OA is a degenerative joint disease characterized by articular cartilage degradation, osteophyte formation, synovitis, and subchondral bone sclerosis. One of OAs main risk factors is obesity. To date, it is not fully understood how obesity results in OA. Historically, this link was ascribed to excessive joint loading as a result of increased body weight. However, the association between obesity and OA in non-weight-bearing joints suggests a more complex aetiology for obesity-induced OA. In the present review, the link between obesity and OA is discussed. First, the historical view of altered joint loading leading to wear and tear of the joint is addressed. Subsequently, the effects of a disturbed lipid metabolism, low-grade inflammation, and adipokines on joint tissues are discussed and linked to OA. Taken together, inflamed adipose tissue and dyslipidaemia play pivotal roles in obesity-induced OA. It becomes increasingly clear that the link between obesity and OA transcends excessive loading.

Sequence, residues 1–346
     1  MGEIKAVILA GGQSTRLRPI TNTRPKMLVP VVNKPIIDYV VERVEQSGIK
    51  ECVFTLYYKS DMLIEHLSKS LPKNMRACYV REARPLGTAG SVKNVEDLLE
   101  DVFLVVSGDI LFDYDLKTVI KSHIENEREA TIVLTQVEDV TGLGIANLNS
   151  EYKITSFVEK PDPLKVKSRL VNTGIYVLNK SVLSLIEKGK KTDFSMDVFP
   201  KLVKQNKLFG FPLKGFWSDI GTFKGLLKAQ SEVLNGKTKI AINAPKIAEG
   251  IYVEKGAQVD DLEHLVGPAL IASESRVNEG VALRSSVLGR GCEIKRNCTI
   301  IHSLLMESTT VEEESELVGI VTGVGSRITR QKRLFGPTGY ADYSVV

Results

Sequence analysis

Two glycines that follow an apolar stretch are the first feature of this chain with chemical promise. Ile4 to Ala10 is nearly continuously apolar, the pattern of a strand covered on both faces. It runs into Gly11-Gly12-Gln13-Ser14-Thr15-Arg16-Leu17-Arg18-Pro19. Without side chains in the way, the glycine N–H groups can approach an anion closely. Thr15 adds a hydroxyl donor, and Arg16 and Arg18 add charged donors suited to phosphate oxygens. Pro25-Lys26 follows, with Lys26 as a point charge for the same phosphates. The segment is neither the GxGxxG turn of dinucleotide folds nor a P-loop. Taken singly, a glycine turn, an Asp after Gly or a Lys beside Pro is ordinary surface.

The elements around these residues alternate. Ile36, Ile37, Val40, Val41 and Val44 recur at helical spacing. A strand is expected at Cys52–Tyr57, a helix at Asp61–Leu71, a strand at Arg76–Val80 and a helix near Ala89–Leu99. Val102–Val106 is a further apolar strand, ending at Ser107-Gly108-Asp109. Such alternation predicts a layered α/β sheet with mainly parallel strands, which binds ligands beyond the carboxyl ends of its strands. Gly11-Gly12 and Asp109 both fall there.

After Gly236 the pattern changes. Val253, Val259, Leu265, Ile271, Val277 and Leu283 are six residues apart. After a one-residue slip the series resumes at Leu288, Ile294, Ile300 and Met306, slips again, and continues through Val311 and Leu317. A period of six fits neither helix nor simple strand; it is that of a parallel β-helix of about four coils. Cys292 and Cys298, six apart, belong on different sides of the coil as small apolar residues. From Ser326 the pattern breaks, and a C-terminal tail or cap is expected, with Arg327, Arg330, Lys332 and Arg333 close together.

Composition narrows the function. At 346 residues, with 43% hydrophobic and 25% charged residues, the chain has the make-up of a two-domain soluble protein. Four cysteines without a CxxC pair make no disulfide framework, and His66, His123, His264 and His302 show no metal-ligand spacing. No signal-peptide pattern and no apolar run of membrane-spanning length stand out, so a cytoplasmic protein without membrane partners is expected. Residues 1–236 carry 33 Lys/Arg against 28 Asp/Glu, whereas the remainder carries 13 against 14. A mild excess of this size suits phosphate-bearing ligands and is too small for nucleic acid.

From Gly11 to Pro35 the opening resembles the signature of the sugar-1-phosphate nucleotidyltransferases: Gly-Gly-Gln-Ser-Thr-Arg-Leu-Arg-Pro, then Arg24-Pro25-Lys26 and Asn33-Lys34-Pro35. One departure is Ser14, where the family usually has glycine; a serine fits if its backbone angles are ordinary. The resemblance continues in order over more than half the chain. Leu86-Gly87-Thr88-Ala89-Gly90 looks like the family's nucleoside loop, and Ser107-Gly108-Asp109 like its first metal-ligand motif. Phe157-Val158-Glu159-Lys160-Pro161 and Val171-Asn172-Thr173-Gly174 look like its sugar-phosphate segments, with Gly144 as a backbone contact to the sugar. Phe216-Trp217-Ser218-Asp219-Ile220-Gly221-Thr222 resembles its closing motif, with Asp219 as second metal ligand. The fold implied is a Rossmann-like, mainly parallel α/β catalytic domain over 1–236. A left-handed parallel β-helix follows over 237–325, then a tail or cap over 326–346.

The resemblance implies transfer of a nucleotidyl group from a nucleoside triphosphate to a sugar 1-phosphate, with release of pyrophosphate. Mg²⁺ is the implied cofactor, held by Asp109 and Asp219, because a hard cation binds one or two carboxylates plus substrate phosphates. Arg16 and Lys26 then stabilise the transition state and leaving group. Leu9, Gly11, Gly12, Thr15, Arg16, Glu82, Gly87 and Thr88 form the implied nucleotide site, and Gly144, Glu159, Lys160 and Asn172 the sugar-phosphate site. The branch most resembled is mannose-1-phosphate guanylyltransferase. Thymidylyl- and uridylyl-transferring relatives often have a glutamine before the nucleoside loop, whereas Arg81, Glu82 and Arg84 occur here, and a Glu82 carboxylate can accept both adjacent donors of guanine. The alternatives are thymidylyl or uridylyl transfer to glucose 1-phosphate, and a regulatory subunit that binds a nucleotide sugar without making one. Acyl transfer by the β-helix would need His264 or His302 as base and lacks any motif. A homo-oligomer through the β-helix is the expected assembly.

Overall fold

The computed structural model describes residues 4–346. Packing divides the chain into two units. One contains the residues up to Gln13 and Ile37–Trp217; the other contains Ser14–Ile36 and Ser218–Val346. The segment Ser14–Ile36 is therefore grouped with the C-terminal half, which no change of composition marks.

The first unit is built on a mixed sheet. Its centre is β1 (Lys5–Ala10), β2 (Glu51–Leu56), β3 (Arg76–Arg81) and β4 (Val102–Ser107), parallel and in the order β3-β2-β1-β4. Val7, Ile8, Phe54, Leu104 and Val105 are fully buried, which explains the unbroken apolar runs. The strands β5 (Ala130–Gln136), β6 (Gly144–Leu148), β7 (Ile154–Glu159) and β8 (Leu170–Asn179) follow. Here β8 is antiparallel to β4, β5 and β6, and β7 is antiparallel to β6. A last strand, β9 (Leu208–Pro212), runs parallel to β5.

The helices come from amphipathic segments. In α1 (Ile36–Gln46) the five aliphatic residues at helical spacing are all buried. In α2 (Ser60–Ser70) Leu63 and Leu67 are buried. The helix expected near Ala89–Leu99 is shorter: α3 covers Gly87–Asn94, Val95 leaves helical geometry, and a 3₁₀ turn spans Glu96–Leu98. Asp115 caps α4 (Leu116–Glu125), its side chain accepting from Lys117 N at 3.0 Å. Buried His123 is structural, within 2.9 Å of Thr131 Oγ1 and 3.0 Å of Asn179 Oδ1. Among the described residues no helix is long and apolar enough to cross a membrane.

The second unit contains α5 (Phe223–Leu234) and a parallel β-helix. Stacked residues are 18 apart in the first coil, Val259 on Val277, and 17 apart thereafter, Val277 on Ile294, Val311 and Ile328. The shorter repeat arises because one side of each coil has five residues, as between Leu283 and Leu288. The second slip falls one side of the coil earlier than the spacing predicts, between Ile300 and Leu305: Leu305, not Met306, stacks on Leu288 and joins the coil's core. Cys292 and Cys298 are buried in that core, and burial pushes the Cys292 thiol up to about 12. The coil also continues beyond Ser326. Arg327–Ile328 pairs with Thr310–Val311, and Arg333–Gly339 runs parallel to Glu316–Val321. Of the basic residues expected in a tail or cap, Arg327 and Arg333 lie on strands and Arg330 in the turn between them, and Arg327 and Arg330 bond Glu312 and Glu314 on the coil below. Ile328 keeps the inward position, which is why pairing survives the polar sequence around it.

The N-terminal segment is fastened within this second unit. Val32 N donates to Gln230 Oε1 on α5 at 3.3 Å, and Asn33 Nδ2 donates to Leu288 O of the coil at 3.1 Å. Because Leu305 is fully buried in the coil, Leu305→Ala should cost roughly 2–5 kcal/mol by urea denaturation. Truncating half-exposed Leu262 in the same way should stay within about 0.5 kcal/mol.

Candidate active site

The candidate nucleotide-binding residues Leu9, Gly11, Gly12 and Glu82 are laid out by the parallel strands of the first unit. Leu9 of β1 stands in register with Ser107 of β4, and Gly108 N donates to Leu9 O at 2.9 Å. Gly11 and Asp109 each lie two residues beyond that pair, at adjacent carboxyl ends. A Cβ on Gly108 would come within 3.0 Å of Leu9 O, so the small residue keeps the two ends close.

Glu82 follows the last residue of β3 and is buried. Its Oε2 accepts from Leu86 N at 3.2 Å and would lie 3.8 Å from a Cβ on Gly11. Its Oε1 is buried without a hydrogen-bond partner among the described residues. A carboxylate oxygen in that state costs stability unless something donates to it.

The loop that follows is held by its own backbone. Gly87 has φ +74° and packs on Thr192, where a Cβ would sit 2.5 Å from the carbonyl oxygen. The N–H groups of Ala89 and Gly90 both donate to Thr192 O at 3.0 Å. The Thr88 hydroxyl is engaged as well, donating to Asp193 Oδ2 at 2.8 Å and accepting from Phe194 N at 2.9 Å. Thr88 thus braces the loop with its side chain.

Keywords: adipokines; bone; cartilage; cytokines; dyslipidaemia; joint loading; low-grade inflammation; obesity; osteoarthritis; synovium.
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